Despite boycott call, Irish university to cooperate with Israeli counterpart

November 28, 2006 22:25
2 minute read.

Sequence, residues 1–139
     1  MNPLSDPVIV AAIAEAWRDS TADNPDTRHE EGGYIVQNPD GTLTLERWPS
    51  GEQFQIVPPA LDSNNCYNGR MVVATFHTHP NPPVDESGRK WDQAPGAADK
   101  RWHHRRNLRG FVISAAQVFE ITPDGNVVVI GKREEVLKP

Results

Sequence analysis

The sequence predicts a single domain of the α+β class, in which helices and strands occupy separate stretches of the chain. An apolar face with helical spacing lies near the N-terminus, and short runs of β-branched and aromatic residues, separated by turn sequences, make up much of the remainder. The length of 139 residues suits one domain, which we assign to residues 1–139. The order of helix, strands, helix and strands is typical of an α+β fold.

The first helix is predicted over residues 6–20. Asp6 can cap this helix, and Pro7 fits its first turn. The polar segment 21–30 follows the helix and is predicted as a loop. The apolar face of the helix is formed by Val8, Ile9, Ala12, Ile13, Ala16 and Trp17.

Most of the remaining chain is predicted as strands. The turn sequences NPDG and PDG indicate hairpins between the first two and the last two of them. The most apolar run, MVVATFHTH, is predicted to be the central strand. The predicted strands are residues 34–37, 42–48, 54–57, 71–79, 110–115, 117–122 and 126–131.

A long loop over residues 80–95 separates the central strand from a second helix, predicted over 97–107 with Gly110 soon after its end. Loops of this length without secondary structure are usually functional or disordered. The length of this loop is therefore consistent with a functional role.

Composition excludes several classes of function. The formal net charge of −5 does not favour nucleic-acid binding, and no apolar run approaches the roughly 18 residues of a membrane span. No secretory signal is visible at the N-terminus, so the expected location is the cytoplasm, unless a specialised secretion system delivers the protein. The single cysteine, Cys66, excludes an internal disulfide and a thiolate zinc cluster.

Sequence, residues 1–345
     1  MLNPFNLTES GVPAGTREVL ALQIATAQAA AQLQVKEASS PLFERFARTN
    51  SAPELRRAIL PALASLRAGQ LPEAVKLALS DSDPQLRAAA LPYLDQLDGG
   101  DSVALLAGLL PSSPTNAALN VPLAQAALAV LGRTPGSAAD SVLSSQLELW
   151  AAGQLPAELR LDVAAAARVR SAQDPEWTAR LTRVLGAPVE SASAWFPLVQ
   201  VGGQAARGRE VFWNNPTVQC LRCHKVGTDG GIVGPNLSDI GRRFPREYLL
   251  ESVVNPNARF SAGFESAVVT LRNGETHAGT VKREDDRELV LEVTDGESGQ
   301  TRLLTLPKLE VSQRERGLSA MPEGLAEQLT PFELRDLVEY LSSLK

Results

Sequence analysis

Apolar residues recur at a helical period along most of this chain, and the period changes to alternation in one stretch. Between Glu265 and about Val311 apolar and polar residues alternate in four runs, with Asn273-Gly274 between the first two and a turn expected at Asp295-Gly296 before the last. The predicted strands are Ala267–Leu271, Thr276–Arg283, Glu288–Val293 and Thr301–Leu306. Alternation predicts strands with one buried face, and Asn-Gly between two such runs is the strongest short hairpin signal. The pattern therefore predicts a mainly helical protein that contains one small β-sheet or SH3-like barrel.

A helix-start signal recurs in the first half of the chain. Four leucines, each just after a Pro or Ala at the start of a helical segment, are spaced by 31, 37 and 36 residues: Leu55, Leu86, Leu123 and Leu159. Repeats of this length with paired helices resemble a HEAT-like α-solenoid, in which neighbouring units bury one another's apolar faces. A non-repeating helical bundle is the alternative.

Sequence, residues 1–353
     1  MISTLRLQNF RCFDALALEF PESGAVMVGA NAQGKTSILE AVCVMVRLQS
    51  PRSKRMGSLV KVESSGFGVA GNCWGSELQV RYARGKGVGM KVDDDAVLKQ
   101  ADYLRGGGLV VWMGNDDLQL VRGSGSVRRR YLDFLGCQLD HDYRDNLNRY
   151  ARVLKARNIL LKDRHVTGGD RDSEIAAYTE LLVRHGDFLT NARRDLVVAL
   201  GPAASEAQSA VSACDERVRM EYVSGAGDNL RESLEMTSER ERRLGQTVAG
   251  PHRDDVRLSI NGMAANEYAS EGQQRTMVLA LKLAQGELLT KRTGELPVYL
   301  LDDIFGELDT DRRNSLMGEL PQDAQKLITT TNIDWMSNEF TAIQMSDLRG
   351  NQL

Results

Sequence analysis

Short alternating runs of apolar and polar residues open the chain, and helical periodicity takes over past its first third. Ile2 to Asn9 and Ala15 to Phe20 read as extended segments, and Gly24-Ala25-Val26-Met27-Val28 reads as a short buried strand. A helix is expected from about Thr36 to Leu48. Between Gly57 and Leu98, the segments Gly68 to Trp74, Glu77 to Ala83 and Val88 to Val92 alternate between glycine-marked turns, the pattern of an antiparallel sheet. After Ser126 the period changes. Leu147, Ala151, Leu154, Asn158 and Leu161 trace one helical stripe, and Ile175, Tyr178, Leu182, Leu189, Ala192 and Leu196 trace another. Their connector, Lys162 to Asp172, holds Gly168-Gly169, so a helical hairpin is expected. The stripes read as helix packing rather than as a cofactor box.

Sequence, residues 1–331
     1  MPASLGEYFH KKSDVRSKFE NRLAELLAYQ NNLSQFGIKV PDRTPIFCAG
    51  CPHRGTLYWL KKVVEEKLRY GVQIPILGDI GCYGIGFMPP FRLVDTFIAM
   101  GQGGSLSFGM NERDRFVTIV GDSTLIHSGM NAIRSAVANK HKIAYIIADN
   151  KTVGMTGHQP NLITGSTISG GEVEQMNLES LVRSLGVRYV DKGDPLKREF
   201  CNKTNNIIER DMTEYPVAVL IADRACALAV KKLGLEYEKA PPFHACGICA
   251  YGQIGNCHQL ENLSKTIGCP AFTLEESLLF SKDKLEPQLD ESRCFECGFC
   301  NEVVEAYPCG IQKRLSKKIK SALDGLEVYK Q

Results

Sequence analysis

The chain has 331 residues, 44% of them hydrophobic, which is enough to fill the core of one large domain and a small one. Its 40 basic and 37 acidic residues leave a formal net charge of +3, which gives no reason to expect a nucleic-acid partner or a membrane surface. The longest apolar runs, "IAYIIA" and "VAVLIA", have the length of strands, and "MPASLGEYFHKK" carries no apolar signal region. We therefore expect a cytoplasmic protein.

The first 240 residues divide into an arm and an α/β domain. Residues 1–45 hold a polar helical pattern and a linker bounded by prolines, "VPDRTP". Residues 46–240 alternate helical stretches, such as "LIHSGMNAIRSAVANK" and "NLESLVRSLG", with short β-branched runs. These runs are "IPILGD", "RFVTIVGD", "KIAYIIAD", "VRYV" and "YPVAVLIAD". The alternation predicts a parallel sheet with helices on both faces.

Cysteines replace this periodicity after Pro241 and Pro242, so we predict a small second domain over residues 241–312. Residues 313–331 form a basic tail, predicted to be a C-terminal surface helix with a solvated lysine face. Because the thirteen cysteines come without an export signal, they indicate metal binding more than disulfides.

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Following a September letter by 61 Irish academics calling for a European boycott of Israeli academia, the National University of Ireland Maynooth's Hamilton Institute signed a cooperation agreement this week with the Jerusalem College of Engineering. "Each institution needs the knowledge possessed by the other," program initiator Prof. Ezra Zeheb, who heads the electronic engineering department at the college, told The Jerusalem Post on Tuesday. "The two are more valuable than either one alone," he said. The agreement between the college and the Hamilton Institute was born out of Zeheb's connections to the institute. He has published several times with those "fine researchers" in peer-reviewed journals and at conferences. "The timing is difficult for [the Irish researchers]," he acknowledged, referring to the boycott initiative. But, he insisted, "The specific people I was in contact with - one Jewish and the other Irish Catholic - felt no pressure, and have visited Israel without fear." The agreement was approved by the university institutions, indicating that they were also prepared to work jointly, he added. On September 16, 61 Irish academics called for a European Union boycott of Israeli academic institutions in a letter sent to The Irish Times. The petition complained that "the Israeli government appears impervious to moral appeals from world leaders and to longstanding United Nations resolutions," and called for "a moratorium on any further [cultural and academic] support to Israeli academic institutions, at both national and European levels." In the framework of the new cooperation agreement, the institutions will exchange scientists, organize joint international conferences and exchange library data and books. In addition, Zeheb said, students from Jerusalem would have the opportunity to spend a semester at an NUI Maynooth campus outside Dublin. "The student exchange will only go one-way," he said and added with a laugh that "very few Irishmen study in Hebrew." College Vice President Dr. Avital Stein welcomed the cooperation agreement. "It is our first agreement with an overseas academic institution," she said, but the college was pursuing another venue for international cooperation "with a leading American university." "Such steps are a recognition on the part of international academia of the high level of the college and of Israeli academia in general," she said. The Jerusalem College of Engineering was founded in 1999, and works to train engineers for the local high-tech industry in Jerusalem. Its 900 students receive a B.Sc. degree in engineering at the end of their studies.

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